DIRECTOR: Jane Schoenbrun

CAST: Anna Cobb, Michael J. Rogers, Holly Anne Frink

RUNNING TIME: 86 mins

CERTIFICATE: 15

BASICALLY…: A teen (Cobb) becomes consumed with an online role-playing horror game…

NOW FOR THE REVIEW…

As basically the online equivalent of spooky campfire stories, “creepypasta” has yet to truly branch into mainstream horror cinema; the closest it’s come so far is 2018’s Slender Man, which turned out to be so bad that it seems to have prevented anyone else from adapting popular creepypasta lore into narrative film. Thankfully, filmmaker Jane Schoenbrun’s lo-fi feature We’re All Going To The World’s Fair opts for a much more atmospheric and less nonsensical tone, which makes it far creepier to watch as a result, although many horror fans may find themselves coming up short in the actual scares department.

Our protagonist is Casey (Anna Cobb), a teen with no apparent social life, nor apparently a loving, supportive family around her house – the only relative whose existence is ever acknowledged is her (entirely off-screen) father, who sends the teenager upstairs to finish her dinner in silence when she sees his headlights returning home – who we first meet as she is about to record herself partaking in the “World’s Fair Challenge”. This strange online phenomenon involves chanting the phrase “I want to go to the world’s fair” three times, pricking a finger and wiping the computer screen with blood, and staring mesmerized at a short video that contains so many flashes it could send an epileptic to the hospital. The next part of the challenge is to record oneself over the following days to document the psychological changes that come from taking on the challenge, which Casey all too willingly does as she films herself whilst asleep, walking around her town, and even dancing in her room – with the dark and disturbing effects becoming more and more apparent as the days go by.

The movie is very much a slow-burn, with Schoenbrun paying more attention to the eerie atmosphere that surrounds her isolated main character, through long shots which capture the teenager in a number of unsettling positions either whilst outside or messing around in her attic bedroom. Slowly, but surely, the filmmaker piles on the atmospheric creepiness which substitutes for traditional scares in the foreground, creating a chilling environment where anything even remotely sinister could happen at any moment, but it says a lot about Schoenbrun’s restraint that she does not let her film fall into the obvious traps of cheap jump-scares and loud musical stingers. She just lets her story play out for as long as it needs to, with the horror element certainly there but almost never taken advantage of, which admittedly might turn off viewers hoping for more traditional horror elements, but still adds a chilling atmosphere that is hard to ignore, especially on the limited budget that the filmmaker is clearly working with.

Part of the uncertain creepiness comes from the introduction of another on-screen main character (there are only two of such throughout the entre film, not counting those we see in online clips throughout): Michael J. Rogers plays JLB, a much older man and fellow World’s Fair fanatic who contacts teen Casey when he expresses concern for her well-being, and right away there is no telling whether or not to trust this man. In most other scenarios, this guy would turn out to be an online predator, and there would be good reason to come to that conclusion – during their Skype sessions, his video is intentionally turned off, with his heavy breathing clogging up his microphone – but we frequently cut to his own life which, despite the nicer and larger house, is just as lonely and desperate for connection as our main teen protagonist’s life is. There are themes of isolation and disconnection throughout We’re All Going To The World’s Fair, but even still we are never entirely aware of JLB’s full intentions until closer toward the end, so until then the viewer is on edge with this guy who certainly displays signs of obsessiveness, no matter how noble the intentions.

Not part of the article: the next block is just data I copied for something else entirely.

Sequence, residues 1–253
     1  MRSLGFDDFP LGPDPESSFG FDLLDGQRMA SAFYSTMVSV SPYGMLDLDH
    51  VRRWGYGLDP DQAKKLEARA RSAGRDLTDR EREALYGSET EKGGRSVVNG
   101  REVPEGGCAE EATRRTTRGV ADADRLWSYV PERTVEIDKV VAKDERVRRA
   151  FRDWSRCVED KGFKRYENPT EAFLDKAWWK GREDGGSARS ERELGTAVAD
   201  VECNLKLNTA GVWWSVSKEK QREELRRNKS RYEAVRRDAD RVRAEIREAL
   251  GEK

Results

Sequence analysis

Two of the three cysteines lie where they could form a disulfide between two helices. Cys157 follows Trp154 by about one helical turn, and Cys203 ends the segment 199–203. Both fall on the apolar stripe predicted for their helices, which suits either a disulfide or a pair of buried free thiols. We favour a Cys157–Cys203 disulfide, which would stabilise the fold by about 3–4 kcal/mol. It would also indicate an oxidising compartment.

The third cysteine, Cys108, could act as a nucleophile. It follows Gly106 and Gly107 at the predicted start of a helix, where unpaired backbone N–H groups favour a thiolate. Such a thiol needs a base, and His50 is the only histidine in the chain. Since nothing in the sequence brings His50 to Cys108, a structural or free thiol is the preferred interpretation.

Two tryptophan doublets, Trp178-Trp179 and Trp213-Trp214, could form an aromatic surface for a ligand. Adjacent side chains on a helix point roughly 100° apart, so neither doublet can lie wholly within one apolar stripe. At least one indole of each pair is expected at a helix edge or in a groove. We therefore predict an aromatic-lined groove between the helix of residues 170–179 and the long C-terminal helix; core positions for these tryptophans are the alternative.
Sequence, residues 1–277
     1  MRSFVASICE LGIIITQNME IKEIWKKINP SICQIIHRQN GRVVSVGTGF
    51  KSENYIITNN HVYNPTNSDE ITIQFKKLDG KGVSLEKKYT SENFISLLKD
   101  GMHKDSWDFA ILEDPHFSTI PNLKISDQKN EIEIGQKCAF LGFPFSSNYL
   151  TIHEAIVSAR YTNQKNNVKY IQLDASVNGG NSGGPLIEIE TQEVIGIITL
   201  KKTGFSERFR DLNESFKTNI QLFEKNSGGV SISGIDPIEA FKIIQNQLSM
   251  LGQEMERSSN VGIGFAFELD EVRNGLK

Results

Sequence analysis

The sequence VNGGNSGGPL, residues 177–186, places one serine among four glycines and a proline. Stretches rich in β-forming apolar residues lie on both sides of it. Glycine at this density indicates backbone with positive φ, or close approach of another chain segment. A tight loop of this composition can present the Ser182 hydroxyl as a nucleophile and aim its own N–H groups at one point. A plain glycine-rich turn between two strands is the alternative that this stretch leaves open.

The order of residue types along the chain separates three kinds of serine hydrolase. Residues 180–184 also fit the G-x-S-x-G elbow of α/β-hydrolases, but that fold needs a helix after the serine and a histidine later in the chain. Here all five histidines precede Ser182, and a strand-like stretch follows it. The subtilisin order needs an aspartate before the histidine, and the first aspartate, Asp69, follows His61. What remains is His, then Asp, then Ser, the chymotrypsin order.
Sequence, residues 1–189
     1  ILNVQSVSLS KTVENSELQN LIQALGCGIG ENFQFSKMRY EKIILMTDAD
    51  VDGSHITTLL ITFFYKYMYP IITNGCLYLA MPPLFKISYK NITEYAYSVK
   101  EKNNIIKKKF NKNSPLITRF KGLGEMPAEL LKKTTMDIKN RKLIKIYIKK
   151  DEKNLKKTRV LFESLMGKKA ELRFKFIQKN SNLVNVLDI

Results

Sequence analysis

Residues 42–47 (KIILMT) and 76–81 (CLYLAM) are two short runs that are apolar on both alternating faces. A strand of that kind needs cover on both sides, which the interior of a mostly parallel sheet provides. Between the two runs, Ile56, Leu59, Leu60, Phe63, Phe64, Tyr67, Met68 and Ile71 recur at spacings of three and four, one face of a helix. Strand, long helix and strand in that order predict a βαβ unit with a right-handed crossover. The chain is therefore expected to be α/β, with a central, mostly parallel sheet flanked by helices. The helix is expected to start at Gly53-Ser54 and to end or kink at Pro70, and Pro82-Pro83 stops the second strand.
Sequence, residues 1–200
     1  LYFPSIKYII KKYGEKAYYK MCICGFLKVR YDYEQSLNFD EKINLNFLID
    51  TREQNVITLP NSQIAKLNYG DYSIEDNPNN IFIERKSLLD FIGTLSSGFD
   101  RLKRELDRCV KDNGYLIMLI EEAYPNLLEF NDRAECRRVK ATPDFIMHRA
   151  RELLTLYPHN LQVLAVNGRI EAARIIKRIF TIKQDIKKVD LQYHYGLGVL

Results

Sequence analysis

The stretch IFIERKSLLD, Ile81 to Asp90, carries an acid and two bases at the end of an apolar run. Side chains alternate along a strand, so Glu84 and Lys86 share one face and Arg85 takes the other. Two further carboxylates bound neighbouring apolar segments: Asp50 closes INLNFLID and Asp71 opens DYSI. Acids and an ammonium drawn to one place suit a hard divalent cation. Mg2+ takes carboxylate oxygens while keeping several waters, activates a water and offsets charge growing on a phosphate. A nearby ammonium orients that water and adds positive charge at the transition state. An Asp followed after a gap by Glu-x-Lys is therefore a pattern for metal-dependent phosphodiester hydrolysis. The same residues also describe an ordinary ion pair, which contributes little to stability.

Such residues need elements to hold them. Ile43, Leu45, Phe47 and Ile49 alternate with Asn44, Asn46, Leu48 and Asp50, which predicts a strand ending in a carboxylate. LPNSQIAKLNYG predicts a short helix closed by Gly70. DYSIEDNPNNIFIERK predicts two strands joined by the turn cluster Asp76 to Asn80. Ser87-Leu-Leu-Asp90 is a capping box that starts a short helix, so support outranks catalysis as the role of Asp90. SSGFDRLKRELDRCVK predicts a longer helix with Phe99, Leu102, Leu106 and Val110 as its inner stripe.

Beside Casey and JLB, the only other humans we see throughout are the people who inhabit the video clips that play at regular intervals, which work to expand on the phenomena and cultural impact of the titular challenge in some interesting, expectation-defying ways. Ranging from surreal music videos to a trope-heavy horror web series to even an 8-bit video game reconstruction, Schoenbrun makes her own piece of creepypasta lore feel just as real and fleshed-out as other such legends like Slender Man, all within the short running time that she has set for her own feature. It’s a well thought-out piece, one which definitely holds back on going too far into traditional horror movie conventions – something which, again, may put off a lot of audience members – but retains a chilling atmosphere that is impressively handled in all its lo-fi and pixelated glory.

SO, TO SUM UP…

We’re All Going To The World’s Fair has the potential to alienate traditional horror movie viewers with its slow pacing and lack of many authentic scares, but the creepy atmosphere and well thought-out lore expansion that filmmaker Jane Schoenbrun gifts to her film, as well as an impressive debut lead turn by young Anna Cobb, makes this a reasonably chilling attempt at big-screen creepypasta.

We’re All Going To The World’s Fair is now showing in cinemas nationwide – click here to find a screening near you!

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